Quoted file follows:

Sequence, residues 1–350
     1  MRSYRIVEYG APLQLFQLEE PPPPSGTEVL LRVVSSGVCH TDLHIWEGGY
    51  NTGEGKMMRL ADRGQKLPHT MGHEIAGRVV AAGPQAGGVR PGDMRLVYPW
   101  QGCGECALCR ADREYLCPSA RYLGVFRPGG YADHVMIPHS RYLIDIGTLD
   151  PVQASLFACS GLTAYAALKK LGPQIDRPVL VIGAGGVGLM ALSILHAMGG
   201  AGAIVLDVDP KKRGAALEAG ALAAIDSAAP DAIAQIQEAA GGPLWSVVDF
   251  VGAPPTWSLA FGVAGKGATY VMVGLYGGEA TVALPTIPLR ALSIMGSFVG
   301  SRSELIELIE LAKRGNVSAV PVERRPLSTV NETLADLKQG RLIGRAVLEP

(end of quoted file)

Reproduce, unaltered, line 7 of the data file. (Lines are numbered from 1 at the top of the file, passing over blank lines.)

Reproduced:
   251  VGAPPTWSLA FGVAGKGATY VMVGLYGGEA TVALPTIPLR ALSIMGSFVG